Lamentations 4:9-22; Lamentations 5; Ezekiel 1:1-15
Those killed by the sword are better off than those who die of famine; racked with hunger, they waste away for lack of food from the field.
With their own hands compassionate women have cooked their own children, who became their food when my people were destroyed.
The LORD has given full vent to his wrath; he has poured out his fierce anger. He kindled a fire in Zion that consumed her foundations.
The kings of the earth did not believe, nor did any of the world's people, that enemies and foes could enter the gates of Jerusalem.
But it happened because of the sins of her prophets and the iniquities of her priests, who shed within her the blood of the righteous.
Now they grope through the streets like men who are blind. They are so defiled with blood that no one dares to touch their garments.
"Go away! You are unclean!" men cry to them. "Away! Away! Don't touch us!" When they flee and wander about, people among the nations say, "They can stay here no longer."
The LORD himself has scattered them; he no longer watches over them. The priests are shown no honor, the elders no favor.
Moreover, our eyes failed, looking in vain for help; from our towers we watched for a nation that could not save us.
Men stalked us at every step, so we could not walk in our streets. Our end was near, our days were numbered, for our end had come.
Our pursuers were swifter than eagles in the sky; they chased us over the mountains and lay in wait for us in the desert.
The LORD's anointed, our very life breath, was caught in their traps. We thought that under his shadow we would live among the nations.
Rejoice and be glad, O Daughter of Edom, you who live in the land of Uz. But to you also the cup will be passed; you will be drunk and stripped naked.
O Daughter of Zion, your punishment will end; he will not prolong your exile. But, O Daughter of Edom, he will punish your sin and expose your wickedness.
Remember, O LORD, what has happened to us; look, and see our disgrace.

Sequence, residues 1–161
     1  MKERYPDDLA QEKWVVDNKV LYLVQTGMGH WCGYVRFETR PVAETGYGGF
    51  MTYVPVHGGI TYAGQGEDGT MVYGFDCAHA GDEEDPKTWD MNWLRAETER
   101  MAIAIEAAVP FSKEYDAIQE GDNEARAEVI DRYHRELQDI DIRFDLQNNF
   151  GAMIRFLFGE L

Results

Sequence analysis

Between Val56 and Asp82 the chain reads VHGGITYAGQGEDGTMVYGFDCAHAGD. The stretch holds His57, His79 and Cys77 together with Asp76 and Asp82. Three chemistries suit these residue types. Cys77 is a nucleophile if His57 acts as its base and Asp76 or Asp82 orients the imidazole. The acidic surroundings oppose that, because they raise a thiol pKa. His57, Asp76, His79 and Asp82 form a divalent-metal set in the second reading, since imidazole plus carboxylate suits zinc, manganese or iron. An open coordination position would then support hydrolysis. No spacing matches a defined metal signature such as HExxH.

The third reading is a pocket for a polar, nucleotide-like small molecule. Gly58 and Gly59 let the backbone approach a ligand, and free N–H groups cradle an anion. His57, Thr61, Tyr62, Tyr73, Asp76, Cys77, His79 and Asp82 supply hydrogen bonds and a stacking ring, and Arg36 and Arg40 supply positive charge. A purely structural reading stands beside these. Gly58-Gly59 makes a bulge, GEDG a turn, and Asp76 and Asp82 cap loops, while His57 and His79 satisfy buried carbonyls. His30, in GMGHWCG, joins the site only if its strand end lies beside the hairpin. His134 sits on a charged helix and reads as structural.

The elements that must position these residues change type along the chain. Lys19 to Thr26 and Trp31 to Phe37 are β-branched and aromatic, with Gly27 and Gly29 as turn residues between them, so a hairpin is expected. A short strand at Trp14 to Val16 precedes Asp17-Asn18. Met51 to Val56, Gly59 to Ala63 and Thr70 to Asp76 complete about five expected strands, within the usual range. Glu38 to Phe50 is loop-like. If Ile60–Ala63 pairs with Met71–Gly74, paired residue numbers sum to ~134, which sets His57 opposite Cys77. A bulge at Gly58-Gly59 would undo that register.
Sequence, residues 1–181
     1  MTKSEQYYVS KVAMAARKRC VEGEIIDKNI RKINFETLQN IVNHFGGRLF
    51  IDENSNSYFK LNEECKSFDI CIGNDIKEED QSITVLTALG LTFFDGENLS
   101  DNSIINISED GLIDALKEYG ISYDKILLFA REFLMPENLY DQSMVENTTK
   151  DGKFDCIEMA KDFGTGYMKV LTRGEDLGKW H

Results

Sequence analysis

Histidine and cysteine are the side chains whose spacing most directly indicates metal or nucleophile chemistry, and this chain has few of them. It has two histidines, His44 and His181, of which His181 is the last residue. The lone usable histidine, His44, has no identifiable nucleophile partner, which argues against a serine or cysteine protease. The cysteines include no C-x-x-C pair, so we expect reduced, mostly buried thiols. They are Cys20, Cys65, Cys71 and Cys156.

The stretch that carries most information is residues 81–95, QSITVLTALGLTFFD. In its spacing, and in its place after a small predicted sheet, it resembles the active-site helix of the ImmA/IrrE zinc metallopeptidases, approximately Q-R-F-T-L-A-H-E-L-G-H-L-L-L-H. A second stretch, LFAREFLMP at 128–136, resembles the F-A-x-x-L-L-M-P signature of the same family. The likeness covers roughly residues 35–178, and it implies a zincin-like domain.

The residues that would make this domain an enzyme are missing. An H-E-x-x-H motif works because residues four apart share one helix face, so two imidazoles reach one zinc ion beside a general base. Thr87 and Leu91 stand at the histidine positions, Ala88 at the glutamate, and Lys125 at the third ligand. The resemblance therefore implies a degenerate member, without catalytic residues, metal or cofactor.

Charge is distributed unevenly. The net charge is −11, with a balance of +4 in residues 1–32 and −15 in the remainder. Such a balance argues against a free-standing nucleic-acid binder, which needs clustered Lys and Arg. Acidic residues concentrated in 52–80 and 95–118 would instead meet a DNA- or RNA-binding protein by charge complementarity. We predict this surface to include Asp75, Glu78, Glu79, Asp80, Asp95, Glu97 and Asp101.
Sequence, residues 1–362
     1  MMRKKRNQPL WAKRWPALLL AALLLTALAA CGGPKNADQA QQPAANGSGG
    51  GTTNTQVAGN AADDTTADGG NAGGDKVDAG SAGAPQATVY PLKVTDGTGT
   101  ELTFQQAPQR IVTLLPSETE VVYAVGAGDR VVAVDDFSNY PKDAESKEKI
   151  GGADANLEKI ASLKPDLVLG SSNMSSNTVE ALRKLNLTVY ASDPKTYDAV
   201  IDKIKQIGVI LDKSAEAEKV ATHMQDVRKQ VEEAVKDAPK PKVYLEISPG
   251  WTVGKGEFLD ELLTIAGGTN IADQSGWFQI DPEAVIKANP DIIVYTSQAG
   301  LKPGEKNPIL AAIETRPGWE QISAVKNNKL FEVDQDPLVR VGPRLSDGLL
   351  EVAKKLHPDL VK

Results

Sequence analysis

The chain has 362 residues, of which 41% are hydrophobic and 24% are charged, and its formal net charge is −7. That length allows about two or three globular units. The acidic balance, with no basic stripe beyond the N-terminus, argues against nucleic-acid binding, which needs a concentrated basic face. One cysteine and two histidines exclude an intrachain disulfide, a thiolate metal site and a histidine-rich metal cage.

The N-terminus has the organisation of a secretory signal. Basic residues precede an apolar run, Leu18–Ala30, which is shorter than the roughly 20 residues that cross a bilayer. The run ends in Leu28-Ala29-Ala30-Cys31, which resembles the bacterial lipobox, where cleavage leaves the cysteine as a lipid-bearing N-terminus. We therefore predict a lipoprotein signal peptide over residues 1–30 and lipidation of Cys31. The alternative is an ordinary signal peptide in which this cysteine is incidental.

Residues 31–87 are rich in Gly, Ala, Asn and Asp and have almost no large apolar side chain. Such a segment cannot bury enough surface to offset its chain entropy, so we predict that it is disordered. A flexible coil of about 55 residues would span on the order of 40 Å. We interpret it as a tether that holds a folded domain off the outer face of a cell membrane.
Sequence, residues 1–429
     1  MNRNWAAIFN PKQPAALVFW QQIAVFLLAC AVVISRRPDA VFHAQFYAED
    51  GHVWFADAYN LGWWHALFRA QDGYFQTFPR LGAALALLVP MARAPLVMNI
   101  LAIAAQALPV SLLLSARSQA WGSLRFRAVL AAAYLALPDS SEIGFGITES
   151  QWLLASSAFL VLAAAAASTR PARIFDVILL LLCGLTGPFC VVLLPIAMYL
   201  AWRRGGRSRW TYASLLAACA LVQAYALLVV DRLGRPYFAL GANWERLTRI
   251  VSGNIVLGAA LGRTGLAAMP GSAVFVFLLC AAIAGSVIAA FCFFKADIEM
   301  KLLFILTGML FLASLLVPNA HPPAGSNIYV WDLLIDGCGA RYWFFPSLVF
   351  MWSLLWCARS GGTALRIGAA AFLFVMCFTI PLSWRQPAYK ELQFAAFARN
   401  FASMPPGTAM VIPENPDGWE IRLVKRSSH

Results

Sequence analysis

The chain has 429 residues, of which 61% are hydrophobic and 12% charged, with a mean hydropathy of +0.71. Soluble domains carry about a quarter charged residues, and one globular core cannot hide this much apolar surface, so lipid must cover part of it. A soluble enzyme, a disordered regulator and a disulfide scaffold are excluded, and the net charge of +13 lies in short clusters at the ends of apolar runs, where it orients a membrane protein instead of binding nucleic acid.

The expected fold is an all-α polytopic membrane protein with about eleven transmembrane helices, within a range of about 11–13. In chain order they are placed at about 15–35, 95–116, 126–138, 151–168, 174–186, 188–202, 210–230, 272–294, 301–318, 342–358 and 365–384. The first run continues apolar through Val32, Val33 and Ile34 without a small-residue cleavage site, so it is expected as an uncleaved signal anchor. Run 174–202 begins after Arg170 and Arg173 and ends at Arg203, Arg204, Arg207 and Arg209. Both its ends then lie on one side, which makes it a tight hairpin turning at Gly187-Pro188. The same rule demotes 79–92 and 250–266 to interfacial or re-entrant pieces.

Our inheritance has been turned over to aliens, our homes to foreigners.
We have become orphans and fatherless, our mothers like widows.
We must buy the water we drink; our wood can be had only at a price.
Those who pursue us are at our heels; we are weary and find no rest.
We submitted to Egypt and Assyria to get enough bread.
Our fathers sinned and are no more, and we bear their punishment.
Slaves rule over us, and there is none to free us from their hands.
We get our bread at the risk of our lives because of the sword in the desert.
Our skin is hot as an oven, feverish from hunger.
Women have been ravished in Zion, and virgins in the towns of Judah.
Princes have been hung up by their hands; elders are shown no respect.
Young men toil at the millstones; boys stagger under loads of wood.
The elders are gone from the city gate; the young men have stopped their music.
Joy is gone from our hearts; our dancing has turned to mourning.
The crown has fallen from our head. Woe to us, for we have sinned!
Because of this our hearts are faint, because of these things our eyes grow dim
for Mount Zion, which lies desolate, with jackals prowling over it.
You, O LORD, reign forever; your throne endures from generation to generation.
Why do you always forget us? Why do you forsake us so long?
Restore us to yourself, O LORD, that we may return; renew our days as of old
unless you have utterly rejected us and are angry with us beyond measure.
In the thirtieth year, in the fourth month on the fifth day, while I was among the exiles by the Kebar River, the heavens were opened and I saw visions of God.
On the fifth of the month--it was the fifth year of the exile of King Jehoiachin--
the word of the LORD came to Ezekiel the priest, the son of Buzi, by the Kebar River in the land of the Babylonians. There the hand of the LORD was upon him.
I looked, and I saw a windstorm coming out of the north--an immense cloud with flashing lightning and surrounded by brilliant light. The center of the fire looked like glowing metal,
and in the fire was what looked like four living creatures. In appearance their form was that of a man,
but each of them had four faces and four wings.
Their legs were straight; their feet were like those of a calf and gleamed like burnished bronze.
Under their wings on their four sides they had the hands of a man. All four of them had faces and wings,
and their wings touched one another. Each one went straight ahead; they did not turn as they moved.
Their faces looked like this: Each of the four had the face of a man, and on the right side each had the face of a lion, and on the left the face of an ox; each also had the face of an eagle.
Such were their faces. Their wings were spread out upward; each had two wings, one touching the wing of another creature on either side, and two wings covering its body.
Each one went straight ahead. Wherever the spirit would go, they would go, without turning as they went.
The appearance of the living creatures was like burning coals of fire or like torches. Fire moved back and forth among the creatures; it was bright, and lightning flashed out of it.
The creatures sped back and forth like flashes of lightning.
As I looked at the living creatures, I saw a wheel on the ground beside each creature with its four faces.